Everyone thinks that the life of the old-time cowboy must have been glorious and free wheeling. Nothing could be farther from the truth. Most cowhands were lost and lonesome men who had no one waiting for them and nowhere to go. Their lives were monotonous, thankless and quite often a painful existence punctuated with danger. Many of the cowboys originally came north with cattle herds coming up from Texas. They found a way of making some semblance of a living from the hurricane deck of a cow pony, and had no desire to return to being a clerk in some store or walking behind a mule plowing up the ground and scattering seeds. "If they couldnít do it on a horse, it wasnít fittiní work. ĎSides, them cowboy boots with them pointy toes wasnít fit to walk in." They stayed in the country where the big cattle herds roamed across the prairie states and did the dirty work of the cattle industry and tried to convince themselves that they were something special. Their work required them to be outdoors no matter what the weather conditions and the conditions were often pretty bad. In the early days they might be required to spend months sleeping on the ground and cooking over a campfire. They ranged the territory looking for, rounding up and sorting the cattle belonging to some Englishman whom they never saw if he even lived in the region. After the winter of 1887 and the terrible death losses of the cattle on the open range, the Cattle Barons never recovered and a new system of ranching began to take hold. Smaller outfits appeared. The owners and managers lived on the land and began to take better care of the cattle. Homesteaders and ranchers alike began to build barbed-wire fences to prevent the cattle from wandering all over the range. For the first few years until cattle became accustomed to being confined by fences cows, horses and even men were known to die on that "damned wire". These smaller ranches, many of which still exist today, were labor intensive until the advent of much of the machinery used today; it was cowhands who carried the burden. No longer were they the imagined free spirits of the prairie, dashing across the range on a wild mustang. Now they were more likely tied to a team of horses and a wagon carrying posts and wire and building mile after mile of fence. Then they would find themselves behind a team bringing in hay to store to feed in the winter time. Then when winter arrived, they were behind a team of horses on a hay sled, dispensing the hay to hungry cattle in a blizzard. None of this is what they had dreamed of as young boys. There were smaller groups of hands now and doing what they considered to be menial labor for poor pay and worse living conditions. Most of the ranchers provided a place for the cowboys to stay. It was called a bunkhouse. The rancher had a house which housed his family and was the headquarters of the outfit. It could range from a primitive log or clapboard house with the bare essentials, to a palatial multi-storied palace depending on the success and tastes of the owner. The big house might also serve as a cook house, and the ownerís wife cooked meals for the hands. Most times the cook was another cowhand who had demonstrated a recognition of different types of food, or was too old or crippled up to ride any more and was appointed cook. On some ranches there might be a married couple, the man a cowhand and his wife the cook, and they might have a small house in which they were allowed to live and which had what passed for a dining room where the hands got their 3 squares a day. Other outfits required the cowhands to take turns with the cooking and often there was one feller that demonstrated more talent than the others and he became the cook. It is an unwritten law in bunkhouses and cook houses, if you gripe about the cookiní you get to do the cookin.í This led to many cases of hands that were tired of cooking resorting to dreadful measures of trying to make the food so bad that someone would gripe about it. Many a horrible meal was choked down with no comment by men who knew they would be cooking tomorrow if they even said a word. By this time job opportunities were scarce and in many cases cowboys worked for a place to stay and meals, particularly in the winter time. Many hands resorted to riding the "grub line." No rancher at that time would ever consider turning someone away from his door, if the man was hungry. They would share what they had, no matter how meager the fare might be. By the same token, it was an unwritten law that cowhands werenít beggars and were determined to do something in return for the generosity. They would stay and work until it was obvious that they were not needed, or wanted and then they would drift on down the trail to the next ranch. Thus there was for a while a glut of cheap labor, and this is true even today. A cowhandís wages are seldom enough for him to save a dollar from one pay day to the next. Men who worked the range under these conditions lived solitary and lonesome lives. Many had fled from homes, wives or the law, and manners dictated that you didnít pry into another manís life. Two men could live in a bunkhouse for over a year and never know the other manís last name. The work they did made their very lives dependent upon the trust and skill of the other, but they never discussed anything of a private nature. Cowboys are notorious for being able to consolidate an entire conversation into Yup or Nope. They are a pretty taciturn bunch. A man could ride into a ranch and the boss would hire him and send him to the bunkhouse. Often times there would be someone there he had worked with years back. He would be told, "Take that bunk over there in the corner. That was Jakeís. A horse fell with him last week and crushed his chest." The new man might say, "Damn, I bunked with Jake in Ď92. Thatís too bad." If he had bunked with Jake, well then he was probably a pretty good feller and was accepted into the fold without further ceremony or fuss. By the same token when the feller felt the need to move on and see what was over the hill, and he always did, no questions were asked and no comment was made. The population in a bunkhouse was always changing. They understood how it was, and that they would someday have to follow. No matter how well he was treated and how well he liked the "brand" he was riding for, the day would come when his feet would start itching and he would have to move on down the trail. One day he would ask the boss for whatever pay he had coming, and the boss would just nod and go get the money to pay him off. The boss would say something like, "Well, Iggy you know the latch string is always out if you come back this way", and offer his hand.. The cowboy would shake his hand and then make a speech that declared his feelinís best he could. "Yup!" and walk back to the bunkhouse. On the day he was to leave he would tie his bedroll on his horse and maybe shake a hand or two. There would be a momentís silence and he would say, "Well, I reckon....." and one of his friends there in the bunkhouse would reply, "Yup. See ya down the trail mebbe." As he mounted and turned to ride away another might offer, "Adios, Amigo" not even knowing that he had just offered up another cowboy contraction of the old Spanish prayer, Vaya con Dios, Amigo. Go with God my friend. Sad to say there are still enough young men in the west that so desire to be a cowboy that they will work for far less than their due. This situation also leads to them living in bunkhouses much as there predecessors did, and thinking that they are living a wonderful existence. During the spring of the year, they get to play cowboy to some extent. There was rounding up and calving and branding, etc.; all the things that the old hands told stories about. These jobs, too, were truly hard work. Take branding for example. The cows and calves would be rounded up and put in corrals. Then the calves would be sorted off of the cows and put into a holding corral. A cowhand on horse back would ride in among the calves and "heel" one. That is catch it by the hind legs with his rope and then he would drag it out into the branding corral where a team of cowhands called "Wrasslers" would literally wrestle it to the ground and hold it while it was branded, vaccinated, earmarked and castrated. Now this is a matter of skill, timing and sheer guts. If either of the team misses his grab at a pair of flying hooves, his partner is likely to get the hell kicked out of him. It is only a matter of time until it happens. It is no oneís fault and no one is blamed when it happens. It is just part of the job. At the end of the day the cowhands with battered knuckles and arms that feel 5 feet long and weighing 50 pounds apiece, and bruises from flying hooves all over their bodies, slowly limp back to the bunkhouse. They sit on their beds and take off their boots and gingerly poke at baseball size knots on legs and ribs. They know that in the morning they are gonna hurt so bad, that for about the first 50 feet they will hobble along like old men. They look at each other and grin in mutual sympathy, but nothing is ever said. They have all been there before and know what the other is going through, but pride prevents any comment. It is just understood, and nothing needs to be said. A bunkhouse is a dormitory for bachelor cowboys and if they are lucky the place might be liveable. Most consist of one or more rooms with bunk beds or maybe single beds with mattresses that died before the depression. If the hands are lucky, the boss fumigates the place every spring to rid the place of bed bugs and "no see-umís" that always seem to find their way into a place like that. Most of the cowhands that worked for us when I was a kid were one step above the homeless men who wander the streets today. They were looking for something, they didnít know what, or were fleeing from someone or something. Many had problems with alcohol. They would last for several months to a year and save their wages, and then blow it all on a binge in town. They might wind up in jail for drunk and disorderly conduct. My dad would pay their bail and take it out of their future wages until it was paid off. They would come back from town and work for another year and then do it again. Then one day they would just show up at the house and ask for their pay. It was time to be moving on. You didnít ask them any questions as their privacy was all that they possessed and you had to respect that. Today bunkhouses probably have running water and electricity. When I was a kid, we got electricity in 1949 and when I left the ranch in 61 there was electricity, but no running water in the bunkhouse. There a coal stove in the center of the room for heat, and a water bucket and dipper for drinking water near the door. Often in the morning the water was frozen. They had built a new cookhouse and there was an bathroom and shower in the basement for the hands, but it was a 75 yard walk to the crapper even then. Not long after I left, mechanization struck the ranch and they no longer had the need for hired hands and the bunkhouse was no longer needed and is now a storage shed. When I was growing up, I had the opportunity to work with many of the ranch hands that lived in the bunkhouse and got to know and admire more than just a few. There was Jim Darnell, a learned man with a thirst to read everything on the place and a thirst for bourbon that was worse. He had a college education and had been all over the world on oil drilling rigs, and I learned a lot from him. There was Eppie, who had been a medic in the army and kept my Dad from bleeding to death in a windmill accident. Frank Sinon was another. He was the last of the real cowboys from the bygone days. He rode with Tom Horn. Tom is the one that helped catch Geronimo. Frank knew the truth about Tom, and so do I. I have talked to the family of the boys that shot Willie. It donít matter whether you believe they hanged Tom or someone else that day. They hanged an innocent man, but thatís another story. I got the beginning of my education about the human race and the wide, wide world from the men in the bunkhouse. I owe them a lot for my insight into the human mind and I miss their stories, wisdom and humor. Most of all, I miss their company. The bunkhouse is gone now and so are all the "Bunkies." They have all ridden on down the trail, and I suspect that they have all passed over the Great Divide. Maybe I will have the privilege of riding some trails with them again someday. Wherever you are Bunky, Adios Amigo!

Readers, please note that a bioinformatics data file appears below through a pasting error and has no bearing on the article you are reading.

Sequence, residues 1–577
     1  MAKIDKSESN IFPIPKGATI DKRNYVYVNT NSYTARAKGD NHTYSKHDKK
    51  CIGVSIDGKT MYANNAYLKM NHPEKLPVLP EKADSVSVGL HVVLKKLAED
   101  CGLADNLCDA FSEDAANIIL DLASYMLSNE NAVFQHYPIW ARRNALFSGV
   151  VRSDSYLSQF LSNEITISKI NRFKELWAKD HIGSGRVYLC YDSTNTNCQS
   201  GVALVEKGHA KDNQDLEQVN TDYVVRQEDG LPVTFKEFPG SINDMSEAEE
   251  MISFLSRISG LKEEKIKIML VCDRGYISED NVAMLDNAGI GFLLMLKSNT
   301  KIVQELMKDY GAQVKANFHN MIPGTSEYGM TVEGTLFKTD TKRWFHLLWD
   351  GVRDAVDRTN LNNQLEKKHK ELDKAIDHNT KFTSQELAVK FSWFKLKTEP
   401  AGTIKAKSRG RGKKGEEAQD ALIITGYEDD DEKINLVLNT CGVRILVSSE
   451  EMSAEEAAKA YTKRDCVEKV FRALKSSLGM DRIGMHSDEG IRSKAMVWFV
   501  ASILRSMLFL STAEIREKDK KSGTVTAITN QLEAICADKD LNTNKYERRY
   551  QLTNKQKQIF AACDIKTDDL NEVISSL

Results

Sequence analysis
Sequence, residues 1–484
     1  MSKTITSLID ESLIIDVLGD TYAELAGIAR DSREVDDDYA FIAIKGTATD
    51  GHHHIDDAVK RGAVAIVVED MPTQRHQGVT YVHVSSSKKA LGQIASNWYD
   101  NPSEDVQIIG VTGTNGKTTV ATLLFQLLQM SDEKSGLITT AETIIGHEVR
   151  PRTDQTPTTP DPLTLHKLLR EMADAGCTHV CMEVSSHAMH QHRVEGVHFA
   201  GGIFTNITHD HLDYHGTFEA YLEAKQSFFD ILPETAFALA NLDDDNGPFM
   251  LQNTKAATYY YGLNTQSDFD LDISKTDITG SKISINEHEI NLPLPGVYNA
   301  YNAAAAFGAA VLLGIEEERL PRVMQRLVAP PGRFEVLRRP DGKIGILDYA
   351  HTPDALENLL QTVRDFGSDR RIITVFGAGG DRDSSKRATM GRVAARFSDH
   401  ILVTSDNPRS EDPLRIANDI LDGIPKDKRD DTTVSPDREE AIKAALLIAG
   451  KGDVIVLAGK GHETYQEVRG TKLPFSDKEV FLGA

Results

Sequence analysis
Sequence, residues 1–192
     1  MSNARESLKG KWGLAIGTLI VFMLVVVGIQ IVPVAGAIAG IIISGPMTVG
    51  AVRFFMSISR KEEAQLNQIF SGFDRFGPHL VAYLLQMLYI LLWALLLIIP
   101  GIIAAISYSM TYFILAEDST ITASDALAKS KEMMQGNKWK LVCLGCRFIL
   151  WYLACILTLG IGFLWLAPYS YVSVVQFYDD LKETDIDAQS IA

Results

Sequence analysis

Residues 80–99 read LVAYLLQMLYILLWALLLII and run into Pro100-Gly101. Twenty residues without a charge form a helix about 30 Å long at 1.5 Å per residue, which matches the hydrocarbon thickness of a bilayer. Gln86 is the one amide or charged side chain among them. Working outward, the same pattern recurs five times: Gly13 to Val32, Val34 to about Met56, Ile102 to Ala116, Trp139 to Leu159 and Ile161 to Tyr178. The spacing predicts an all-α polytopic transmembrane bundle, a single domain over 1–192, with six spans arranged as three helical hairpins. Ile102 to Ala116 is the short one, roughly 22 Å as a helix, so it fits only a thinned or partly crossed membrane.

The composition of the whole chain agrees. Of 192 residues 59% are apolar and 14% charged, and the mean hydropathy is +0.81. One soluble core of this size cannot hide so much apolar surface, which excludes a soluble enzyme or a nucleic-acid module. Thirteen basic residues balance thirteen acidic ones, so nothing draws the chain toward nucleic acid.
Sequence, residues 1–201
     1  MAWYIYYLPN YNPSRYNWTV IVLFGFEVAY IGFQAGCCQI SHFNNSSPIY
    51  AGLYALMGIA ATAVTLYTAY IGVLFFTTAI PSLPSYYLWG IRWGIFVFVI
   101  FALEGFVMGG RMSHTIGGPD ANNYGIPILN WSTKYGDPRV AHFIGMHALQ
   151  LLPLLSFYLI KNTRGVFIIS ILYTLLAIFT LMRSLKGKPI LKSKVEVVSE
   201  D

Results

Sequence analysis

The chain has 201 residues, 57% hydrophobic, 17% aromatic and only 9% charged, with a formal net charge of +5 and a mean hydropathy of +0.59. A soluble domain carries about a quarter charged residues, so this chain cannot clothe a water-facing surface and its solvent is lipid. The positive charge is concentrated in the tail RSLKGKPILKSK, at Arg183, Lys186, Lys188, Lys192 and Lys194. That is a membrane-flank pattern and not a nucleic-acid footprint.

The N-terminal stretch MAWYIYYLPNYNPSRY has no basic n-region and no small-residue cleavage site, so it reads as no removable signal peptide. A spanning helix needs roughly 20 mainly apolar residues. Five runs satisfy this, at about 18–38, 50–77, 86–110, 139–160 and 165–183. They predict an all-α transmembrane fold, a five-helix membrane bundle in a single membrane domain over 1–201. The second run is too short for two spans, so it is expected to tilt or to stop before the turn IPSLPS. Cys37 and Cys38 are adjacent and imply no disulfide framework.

© 2003 Chip Harding